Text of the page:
I have a client who is always complaining to me about getting frustrated with a couple of his employees that seem to have focus issues. We have all worked with these kinds of people, they have trouble concentrating on one task and get really frazzled when they have too many things to do. So what are they doing wrong? What can they do to always remain focused. Here are three solid tips that helped my client and can help you too.
Tip # 1: Handle mistakes with care!
Sometimes focus issues can be linked to fear of making mistakes. More importantly, how mistakes are handled by the employer once an employee makes a mistake. Is your management style like a dog? Do you bark at your employees when they screw up? If so, you could be contributing to their focus issues. Why you ask? When employees can't keep their attention on a task, believe it or not, they are afraid of finishing something and have their boss yell at them that it is no good. Instead, they bounce around to different projects, hoping that this might impress you more. Create an environment for your employees that actually encourages healthy mistakes. Stress to them that everyone is human and mistakes are a part of life and growth. This kind of culture allows employees to take the pressure off and actually do their job.
Tip # 2: Assign workload accurately
Do you regularly give your employees more work than they can handle? If so, this could be the cause of your focus issues. Giving your employees more work will only lead to anxiety and ultimately performance issues. Are they bouncing around from one job to the next just because you are giving them too much to do? Should you hire a helper or another employee to help with the workload? Some signs that you are giving too much work are the following: regular overtime or working late, customer dissatisfaction and frequent illnesses. It might be more practical and cost effective to hire someone else to help than burdening the same employee or employees with too much work.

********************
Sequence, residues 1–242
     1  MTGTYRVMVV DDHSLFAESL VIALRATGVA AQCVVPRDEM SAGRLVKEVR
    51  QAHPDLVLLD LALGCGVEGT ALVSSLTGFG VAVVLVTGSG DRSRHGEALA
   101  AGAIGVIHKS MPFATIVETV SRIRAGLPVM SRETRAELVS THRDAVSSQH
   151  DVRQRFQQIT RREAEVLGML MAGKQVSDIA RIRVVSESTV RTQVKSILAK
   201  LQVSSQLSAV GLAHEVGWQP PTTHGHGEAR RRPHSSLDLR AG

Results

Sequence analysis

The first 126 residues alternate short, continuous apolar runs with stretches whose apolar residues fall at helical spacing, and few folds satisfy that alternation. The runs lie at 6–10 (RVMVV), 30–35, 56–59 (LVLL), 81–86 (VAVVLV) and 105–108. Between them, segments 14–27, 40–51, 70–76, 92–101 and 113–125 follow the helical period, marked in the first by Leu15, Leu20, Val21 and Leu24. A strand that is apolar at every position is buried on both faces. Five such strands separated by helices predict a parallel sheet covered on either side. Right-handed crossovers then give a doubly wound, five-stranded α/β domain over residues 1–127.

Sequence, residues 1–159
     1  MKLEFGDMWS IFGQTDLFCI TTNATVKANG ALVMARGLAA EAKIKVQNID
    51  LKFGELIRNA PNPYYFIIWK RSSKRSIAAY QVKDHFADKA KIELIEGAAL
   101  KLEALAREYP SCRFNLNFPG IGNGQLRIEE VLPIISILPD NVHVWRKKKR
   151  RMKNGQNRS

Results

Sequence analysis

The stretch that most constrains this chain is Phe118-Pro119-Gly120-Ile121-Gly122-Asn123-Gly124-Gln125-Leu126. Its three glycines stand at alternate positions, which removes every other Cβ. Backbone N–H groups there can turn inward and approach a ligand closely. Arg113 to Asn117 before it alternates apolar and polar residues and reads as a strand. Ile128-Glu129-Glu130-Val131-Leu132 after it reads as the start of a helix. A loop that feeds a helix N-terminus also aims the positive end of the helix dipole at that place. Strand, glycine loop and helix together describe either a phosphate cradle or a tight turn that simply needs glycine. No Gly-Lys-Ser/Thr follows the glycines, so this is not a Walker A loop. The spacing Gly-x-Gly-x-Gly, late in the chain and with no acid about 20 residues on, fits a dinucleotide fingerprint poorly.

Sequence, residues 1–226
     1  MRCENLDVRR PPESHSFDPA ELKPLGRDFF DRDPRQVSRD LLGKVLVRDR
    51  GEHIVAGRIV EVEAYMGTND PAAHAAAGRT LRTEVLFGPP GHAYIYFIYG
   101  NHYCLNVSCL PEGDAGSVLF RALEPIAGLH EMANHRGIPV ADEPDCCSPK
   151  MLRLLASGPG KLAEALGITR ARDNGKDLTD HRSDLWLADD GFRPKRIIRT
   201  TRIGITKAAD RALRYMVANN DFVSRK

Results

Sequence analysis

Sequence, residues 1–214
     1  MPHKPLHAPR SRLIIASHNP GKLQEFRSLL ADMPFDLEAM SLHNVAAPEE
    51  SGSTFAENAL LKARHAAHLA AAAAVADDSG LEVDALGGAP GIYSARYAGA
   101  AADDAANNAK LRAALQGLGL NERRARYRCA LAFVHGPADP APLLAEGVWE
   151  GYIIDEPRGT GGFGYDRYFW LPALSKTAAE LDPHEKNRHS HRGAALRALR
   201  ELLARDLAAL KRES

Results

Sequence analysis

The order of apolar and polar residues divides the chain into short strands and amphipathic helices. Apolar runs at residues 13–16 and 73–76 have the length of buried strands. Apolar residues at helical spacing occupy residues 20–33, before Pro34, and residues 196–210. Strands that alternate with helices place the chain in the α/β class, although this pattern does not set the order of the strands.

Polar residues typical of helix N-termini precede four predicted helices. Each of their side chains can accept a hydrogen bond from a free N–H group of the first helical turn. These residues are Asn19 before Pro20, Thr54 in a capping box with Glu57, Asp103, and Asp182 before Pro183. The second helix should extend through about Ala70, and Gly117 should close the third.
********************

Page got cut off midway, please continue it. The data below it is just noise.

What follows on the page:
Tip # 3: Walk a mile in their shoe
Sometimes managers are so far removed from the jobs that their employees are performing that they can lose sight of all its nuances. Is it a stressful job? Are customers overly demanding? Are you overly demanding? Would it help the employee if you had regular conversations about their day to day demands and find out if it is the structure of the job causing focus issues. Walking a mile in the employee's shoes allows you to see first hand what they are experiencing and allows them to see that you care.
If your employee is having focus issues, don't just assume that the problem is all them. Fathom the idea that you their manager might also be at fault. Examine how you deal with them first before casting blame. Focus issues are fixable...
Many employers are still under the faulty impression that making their employees sit at a desk and put in 40 traditional hours per week equals productivity. I am here to tell you that the traditional 40 hour work is very outdated. Here are the reasons why!
It does not account for modern technology.